Are you fed up with multiple doctor appointments and ongoing misdiagnoses? Do you trust medical professionals to make the right decision? This post will help you get to an answer faster. You will discover 7 simple tips to take control of your medical care.
According to American Journal of Medicine, general medical misdiagnosis are estimated to be as high as 17%. The National Center for Biotechnology Information (NCBI) explained that mental health misdiagnosis are estimated to be as high as 98%.
Yowza! Those statistics are high.
Why are there so many medical misdiagnosis?
We trust medical professionals to figure out (and fix) whatever is wrong. We forget that medicine is complicated and that clinicians are human.
Clinicians are highly trained individuals that diagnose and treat through a very specialized lens. These professionals rely heavily on differential diagnosis to accurately interpret symptoms.
Sometimes one specialist misses what another may see.
Is this phenomenon unusual in a society of clinical specificity?
Therefore, all diagnoses should be made by a team of specialists.
Did you think to yourself, “Sure Robyn, what fantasy world are you living in?"
"What is medical utopia?"
Several years ago, an evil spider took up residence in our home. Or so we thought…
I found a tiny red wound on my thigh that I assumed was a bug bite. It was mildly swollen and sore. It didn’t take long to heal so I didn’t worry about it.
A few weeks later I found another hole in a different place.
This time it grew quickly. It was hot and filled with pus. Shortly thereafter my boyfriend, Brian, began to experience the same symptoms. His wound progressed much faster and he had red lines running away from the 'bite'. We were worried about blood poisoning so he went to an urgent care center.
The MD told him it was an infected spider bite and prescribed antibiotics. It cleared up quickly.
Within a few weeks I found a third wound.
This time I went to the doctor. The MD left the office to retrieve a medical book. She showed me pictures and told me it was a brown recluse spider bite. The images didn't seem to match my symptoms but I didn't say anything.
My slight fear (who am I kidding) of spiders became a minor (major) obsession and I asked Brian to scour the house for spider infestations. He humored me and found a creepy crawly that we unsuccessfully tried to identify on the internet. Convinced we were being invaded by something hellaciously (a technical term) poisonous - I sent it out to an insect identification lab to have it analyzed.
Then I convinced Brian to bomb the house.
Meanwhile, Brian and I took turns with “bites” number 4, 5 and 6.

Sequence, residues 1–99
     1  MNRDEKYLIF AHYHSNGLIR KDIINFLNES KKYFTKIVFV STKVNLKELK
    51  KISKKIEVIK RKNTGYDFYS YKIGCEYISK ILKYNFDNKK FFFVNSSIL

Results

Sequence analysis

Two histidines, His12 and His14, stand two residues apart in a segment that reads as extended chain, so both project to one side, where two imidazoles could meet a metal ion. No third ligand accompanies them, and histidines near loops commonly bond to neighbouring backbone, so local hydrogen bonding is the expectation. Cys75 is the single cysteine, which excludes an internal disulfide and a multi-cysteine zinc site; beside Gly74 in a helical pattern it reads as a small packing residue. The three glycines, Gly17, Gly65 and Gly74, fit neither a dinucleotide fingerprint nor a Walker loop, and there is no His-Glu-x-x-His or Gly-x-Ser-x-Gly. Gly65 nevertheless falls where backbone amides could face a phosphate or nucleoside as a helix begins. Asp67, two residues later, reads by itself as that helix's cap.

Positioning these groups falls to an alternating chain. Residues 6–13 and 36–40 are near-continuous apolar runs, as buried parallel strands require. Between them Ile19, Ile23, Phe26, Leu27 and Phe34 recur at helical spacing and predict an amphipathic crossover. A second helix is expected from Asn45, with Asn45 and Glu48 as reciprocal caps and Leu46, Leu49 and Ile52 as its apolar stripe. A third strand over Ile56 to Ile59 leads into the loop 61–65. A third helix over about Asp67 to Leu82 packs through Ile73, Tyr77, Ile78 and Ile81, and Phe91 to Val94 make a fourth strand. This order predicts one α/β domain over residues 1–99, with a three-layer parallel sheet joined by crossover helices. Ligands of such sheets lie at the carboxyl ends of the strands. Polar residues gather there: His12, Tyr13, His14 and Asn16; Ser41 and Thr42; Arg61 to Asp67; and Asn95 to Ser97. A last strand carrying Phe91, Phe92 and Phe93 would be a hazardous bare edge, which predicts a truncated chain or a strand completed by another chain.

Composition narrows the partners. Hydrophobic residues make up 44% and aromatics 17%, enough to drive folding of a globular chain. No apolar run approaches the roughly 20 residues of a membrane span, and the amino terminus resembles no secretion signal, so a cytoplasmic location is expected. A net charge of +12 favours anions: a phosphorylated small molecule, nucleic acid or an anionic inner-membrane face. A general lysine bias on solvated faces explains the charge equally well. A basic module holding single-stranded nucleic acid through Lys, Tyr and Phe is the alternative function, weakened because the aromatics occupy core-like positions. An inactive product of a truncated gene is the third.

Each was increasingly worse than the last. Number 4 was just below his right knee causing intense pain and a limp.
Number 5 was on the back of my thigh. Any pressure on the wound was excruciating. Sitting was complicated.
We read up on how to handle infected bug bites. Soak it in warm water, allow the puss to drain...blah...blah...blah.
Number 6 was on my arm. By this time, having no success searching the internet for the type of spider would cause this type of reaction. I started searching for our symptoms rather than the cause and a completely different diagnosis emerged.
This time I went to the doctor armed with questions and a possible diagnosis.
I asked if it could be MRSA (Methicillin-resistant Staphylococcus aureus). She was receptive to this idea and did a culture.
Ding, ding, ding - we have a winner! Because MRSA is highly contagious, we had been giving it back and forth to each other for months.
Had I had the guts to discuss my thoughts with the MD earlier, we may have spared ourselves months of recurring pain.
Maybe this misdiagnosis is less common now.
Because in preparation for this blog post I re-googled spider bite infections and found an article describing the difference between spider bites and MRSA. The article stated “In recent years, however, MRSA can be commonly found in community settings such as schools, gyms, health spas, and even nail salons. So maybe this misdiagnosis is less common now.
Mental Health Misdiagnosis
Now consider the following scenario - Maria has 2 checkups scheduled and an appointment with her therapist.
First she tells her gynecologist (GYN) that she is always tired and her periods are heavy and irregular.
At the next appointment, she explains to her general practitioner (GP) that she is tired and unusually cold (but doesn't mention the irregular menstruation).
Later in the week she tells her social worker (SW) that she is always tired and isn't motivated to do anything.